Our precious daughter, Susanna, was born on March 20, 1989. She was an incredibly delightful child, always smiling and supportive of others. She loved the outdoors, hiking, skiing, and biking with family and friends. It seemed that fortune had especially favored her. At least, that is, until her junior year in high school.
In February of 2006, Susanna came home from a health ed class and said she thought she might be medically depressed, and asked to see a counselor. She saw a GP at our doctor’s office in March who prescribed 50 mg of Prozac and placed her on a waiting list for consultation at the local mental health agency.
In April, 2006 the doctor upped the dosage to 100 mg. The next day, Susanna’s boyfriend called us to say that they were at his house, and Susanna was apparently catatonic. She was unable to speak or move. We went there immediately, and in truth, she could not move. We carried her to our car and transported her to the ER at Providence Memorial hospital in Hood River, OR. The hospital could give no explanation for her condition. At that point, we stopped the meds.
Soon thereafter, Susanna saw a psychiatrist associated with Providence Hospital, and a licensed counselor, also with Providence. She kept up this relationship until she left for college in September, 2007. The psychiatrist diagnosed major depression and prescribed Wellbutrin, but neither the doctor nor counselor advised us much on what we could do to support her.
In December, 2006 (near the start of her senior year in HS), her counselor called Susanna’s mother, Susan, to say that Susanna had been cutting on herself for some time (the first we knew of that) and was voicing thoughts of suicide. The counselor had contacted Providence Hospital in Portland to arrange a bed in the Secure Adolescent Psychiatric Unit, and recommended that we take her there immediately. We did so. Her treating psychiatrist switched her medication to Effexor, 150 mg, which continued with for the next 3 years. We were given no information regarding family resources such as NAMI, nor information as to the seriousness of depression nor the warning signs to look for nor the precautions to take regarding suicide. This lack of communication was despite the fact that Susanna had signed an authorization for medical staff to communicate with us.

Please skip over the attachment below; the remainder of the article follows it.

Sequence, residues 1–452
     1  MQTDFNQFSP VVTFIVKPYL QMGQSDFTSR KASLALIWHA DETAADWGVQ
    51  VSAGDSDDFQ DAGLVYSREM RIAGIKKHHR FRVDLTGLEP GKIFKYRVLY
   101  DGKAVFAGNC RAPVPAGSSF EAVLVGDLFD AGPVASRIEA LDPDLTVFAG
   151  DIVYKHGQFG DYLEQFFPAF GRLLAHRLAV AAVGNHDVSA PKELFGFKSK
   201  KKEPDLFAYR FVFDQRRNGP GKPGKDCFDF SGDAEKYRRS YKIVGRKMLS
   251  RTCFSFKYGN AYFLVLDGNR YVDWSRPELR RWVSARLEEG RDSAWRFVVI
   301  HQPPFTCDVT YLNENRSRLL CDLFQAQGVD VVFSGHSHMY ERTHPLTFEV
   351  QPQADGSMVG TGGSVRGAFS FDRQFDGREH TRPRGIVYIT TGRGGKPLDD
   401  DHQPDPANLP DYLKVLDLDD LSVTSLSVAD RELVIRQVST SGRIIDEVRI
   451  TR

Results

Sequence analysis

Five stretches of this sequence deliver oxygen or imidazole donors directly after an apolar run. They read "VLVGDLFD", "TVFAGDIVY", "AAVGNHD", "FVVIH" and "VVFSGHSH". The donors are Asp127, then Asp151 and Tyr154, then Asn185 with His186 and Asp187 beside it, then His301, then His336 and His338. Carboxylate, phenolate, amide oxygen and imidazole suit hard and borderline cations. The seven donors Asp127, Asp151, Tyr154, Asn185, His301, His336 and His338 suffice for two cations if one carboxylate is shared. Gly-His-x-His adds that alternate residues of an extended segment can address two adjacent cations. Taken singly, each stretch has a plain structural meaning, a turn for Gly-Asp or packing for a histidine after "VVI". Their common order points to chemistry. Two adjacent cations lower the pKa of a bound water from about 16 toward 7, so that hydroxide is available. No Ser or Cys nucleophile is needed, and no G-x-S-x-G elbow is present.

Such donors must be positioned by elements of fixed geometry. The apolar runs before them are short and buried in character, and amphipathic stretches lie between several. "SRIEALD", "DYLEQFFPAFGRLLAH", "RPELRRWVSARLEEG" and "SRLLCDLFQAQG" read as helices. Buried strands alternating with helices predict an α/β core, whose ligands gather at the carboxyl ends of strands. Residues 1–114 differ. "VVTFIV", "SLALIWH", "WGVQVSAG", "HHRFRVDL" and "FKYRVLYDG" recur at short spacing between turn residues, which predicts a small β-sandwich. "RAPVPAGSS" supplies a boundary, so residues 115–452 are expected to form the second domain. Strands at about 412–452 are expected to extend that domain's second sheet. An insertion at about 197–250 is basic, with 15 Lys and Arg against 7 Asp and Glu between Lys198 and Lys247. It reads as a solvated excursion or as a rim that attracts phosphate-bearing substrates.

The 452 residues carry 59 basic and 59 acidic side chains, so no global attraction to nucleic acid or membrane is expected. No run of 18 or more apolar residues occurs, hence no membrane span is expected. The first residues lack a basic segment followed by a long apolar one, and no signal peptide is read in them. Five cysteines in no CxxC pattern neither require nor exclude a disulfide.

In June, 2007, Susanna graduated from high school, very proud to have succeeded in being co-Valedictorian, despite her struggles related to depression. However, despite having been a semi-finalist in the State Speech and Debate tournament her junior year, and having qualified for the District Track meet the same year, she declined to participate in either one her senior year.
In September, 2007 she entered the Honors College at the University of Oregon with a Presidential Scholarship, and 5 local scholarships from the Mid-Columbia region where we lived. In September, her psychiatrist had told us that Susanna wanted to reduce or stop her meds, but that she did not recommend it. She said that might be possible as Susanna got older, but was contraindicated now.
Upon her return to UO for her second quarter of freshman year, things began to deteriorate. Her first roommate, who was from Singapore and with whom she shared great rapport, returned home, and Susanna was assigned someone with whom she shared no warmth. She had trouble with chemistry, eventually dropping it in the third quarter, meaning her dreams of a career in neuroscience died. She informed the neuroscience program that she would not continue her internship. Susanna continued to pick at her skin without respite. We should have seen this as a mental problem, but again did not, without communication from her health providers.
In March, 2008 she called her mother to say that she had had a “panic attack” and she had asked her boyfriend to take her to Sacred Heart hospital ER. She was very discouraged about almost everything in the world: the environment, the politics of the US; she felt she had to do something to improve things, but that it was all too much for her. Susanna appeared very unhappy at UO, and talked of transferring to Long Island University’s Global College program.
She saw a private LCSW in Eugene, weekly from April to September in 2009. She was also seeing a FNP regularly at the UO health center. Once again, she signed releases of information. I spoke with her often on Skype from Europe where I was working that year; there is a 9 hour time difference. Even though many times we spoke at noon Oregon time, she was often still in bed; she looked very unhappy, she was without enthusiasm; she seemed to be very flat, and struggled to maintain a high enough GPA to keep her scholarship.